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Adams, John (1735-1826) to Elbridge Gerry

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Gilder Lehrman Collection #: GLC04425 Author/Creator: Adams, John (1735-1826) Place Written: Braintree, Massachusetts Type: Autograph letter signed Date: 4 November 1779 Pagination: 3 p. : docket ; 22.8 x 18.7 cm.

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Gilder Lehrman Collection #: GLC04425 Author/Creator: Adams, John (1735-1826) Place Written: Braintree, Massachusetts Type: Autograph letter signed Date: 4 November 1779 Pagination: 3 p. : docket ; 22.8 x 18.7 cm.

Summary of Content: A fond leave-taking signed "God bless you" at the end. The letter also discusses his firm belief in the need for separate powers, his acceptance of an appointment as commissioner to France and his wish that Gerry might send him intelligence from America.

Full Transcript:
Braintree Novr. 4. 1779
My Friend
Yours of Octr. 12 has been, Seven days by me. am happy to learn of my accounts and Vouchers, arrived Safe, by Mr Lovell. I know not ...how the Board will explain, the three Months after Notice of Recall, as applied to me, if they were to allow three Months after my arrival, it would be no more than just. Mr Dana will accept and Sail with me, in a few Days.
I am dear for three Branches, in the Legislature, and the Committee have reported as much, tho awkwardly expressed. I have considered this Question in every Light, in which my understanding is capable of placing it, and my opinion is decided, in favour of these Branches, and being very unexpectedly called upon to give my advice to my Countrymen, concerning a Form of Government, I could not answer it, to myself, to them or Posterity, if I concealed, or disguised my real Sentiments. They have been received with Candor, but perhaps will not be adopted. In Such a State as this however, I am persuaded, We never Shall have any Stability, Dignity, Decision, or Liberty, without it. We have So many Men of Wealth, of ambitious Spirits, of Intrigue, of Luxury and Corruption that in upstart Factions, will disturb our Peace, without it, and indeed there is too much Reason to fear, with it. [2] The Executive, which ought to be the Reservoir of Wisdom, as the Legislative is of Liberty, without this Weapon of Defense, will be run down, like a Hare before the Hunters. But I have not time to enlarge.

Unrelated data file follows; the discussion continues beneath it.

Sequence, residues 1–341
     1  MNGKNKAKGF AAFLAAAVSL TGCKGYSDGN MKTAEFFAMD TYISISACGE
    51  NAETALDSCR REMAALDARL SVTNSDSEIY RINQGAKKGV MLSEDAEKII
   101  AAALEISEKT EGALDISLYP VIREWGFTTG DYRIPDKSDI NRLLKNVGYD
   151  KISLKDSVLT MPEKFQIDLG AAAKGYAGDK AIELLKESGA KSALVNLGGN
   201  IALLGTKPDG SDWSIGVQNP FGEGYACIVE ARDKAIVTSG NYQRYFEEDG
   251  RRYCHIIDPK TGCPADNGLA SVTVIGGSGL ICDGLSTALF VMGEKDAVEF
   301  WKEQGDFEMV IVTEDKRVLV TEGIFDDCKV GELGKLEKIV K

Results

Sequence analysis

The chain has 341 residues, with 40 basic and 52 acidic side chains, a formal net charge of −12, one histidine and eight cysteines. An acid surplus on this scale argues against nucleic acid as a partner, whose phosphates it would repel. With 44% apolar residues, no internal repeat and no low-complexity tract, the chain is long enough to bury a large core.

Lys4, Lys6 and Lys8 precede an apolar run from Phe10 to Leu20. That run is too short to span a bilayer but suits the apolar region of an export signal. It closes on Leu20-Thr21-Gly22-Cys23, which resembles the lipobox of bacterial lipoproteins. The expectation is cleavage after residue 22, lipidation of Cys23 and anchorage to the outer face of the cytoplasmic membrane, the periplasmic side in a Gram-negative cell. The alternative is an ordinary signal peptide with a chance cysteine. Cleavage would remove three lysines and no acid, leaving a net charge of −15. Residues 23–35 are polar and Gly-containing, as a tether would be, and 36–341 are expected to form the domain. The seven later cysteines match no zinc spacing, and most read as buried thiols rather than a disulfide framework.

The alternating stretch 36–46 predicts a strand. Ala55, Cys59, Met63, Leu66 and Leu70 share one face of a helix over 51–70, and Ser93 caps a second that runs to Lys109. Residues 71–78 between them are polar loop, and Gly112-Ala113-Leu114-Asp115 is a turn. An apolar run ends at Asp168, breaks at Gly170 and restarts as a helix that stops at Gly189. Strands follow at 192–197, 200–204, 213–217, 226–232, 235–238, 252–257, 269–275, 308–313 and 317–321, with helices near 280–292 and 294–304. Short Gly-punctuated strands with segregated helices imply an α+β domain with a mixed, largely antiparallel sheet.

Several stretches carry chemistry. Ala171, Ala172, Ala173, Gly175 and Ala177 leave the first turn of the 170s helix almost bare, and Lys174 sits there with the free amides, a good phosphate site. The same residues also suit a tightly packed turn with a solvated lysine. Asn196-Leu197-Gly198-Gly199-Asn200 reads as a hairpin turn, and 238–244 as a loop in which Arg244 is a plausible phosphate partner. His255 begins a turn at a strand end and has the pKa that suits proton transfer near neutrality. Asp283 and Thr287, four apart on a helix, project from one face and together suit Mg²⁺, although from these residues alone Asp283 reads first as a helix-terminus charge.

I am more Solicitous about the Means of procuring the Salary you mention than the Sum of it.- I can make it do, with Frugality, if I can get it. But I wish I had Power to borrow Money, and also Power to draw upon Dr Franklin, or the American Banker, in Case of Necessity. I should get it in that way.
Mr Jay will have no Difficulty for Spain, will undoubtedly, furnish him as they did Mr. Lee, who I believe, but am not certain, has Some Spanish Money, remaining in his Hands. I know not how much, and may be mistaken in Supposing he has any.
You think my appointment ought not to be divulged: but it was public in Boston, and in every bodys Mouth upon Charge before I heard a Lisp of it. if it is generally approved, I am happy. happy and blissful indeed Shall I be, if I can accomplish by Errand, and give general Satisfaction, in the End.
Let me beseech you, by every Feeling of Friendship as well as Patriotism to continue your favours, and transmit me, the Journals, Newspapers, Pamphlets, as well as your Rubric, from time to time. My Importance in that Country, will depend much, upon the Intelligence that may be [3] Sent me, by my Friends, more than you can imagine. if you intend that I Shall do any good, keep me constantly informed, of every Thing, the Numbers and destination of the army -the State of Finance. - the Temper of the People, the military operations, the State and the Prospects of the Harvest, the Prices of Goods, the Price of Bills of Exchange. the Rate between Silver and Paper. nothing can come amiss. the Growth or decline of the Navy, the Spirit and Success of Privateers. the Number of Prizes - the Number, Positions Exertions and Designs of the Enemy.
Your Election comes on this month and it is Sure. I wish I were as Sure of getting Safe to France. God bless you.
John Adams
Pray deliver the enclosed to the Chevelier de La Luzerne and Mr Marbois, with my affectionate Respects. - I dare not Send one to you because it is a Secret, in the Hands of three or four hundred People however.
Hon. Mr Gerry.

Braintree Letters
Hona Mr J Adams
4th 28th Novr a
matter to Mr Adams
of ye 2nd Novr.
See More

People: Adams, John, 1735-1826
Gerry, Elbridge, 1744-1814

Historical Era: American Revolution, 1763-1783

Subjects: PresidentContinental CongressCongressDiplomacyRevolutionary WarTravelGovernment and CivicsFranceVice President

Sub Era: The War for Independence

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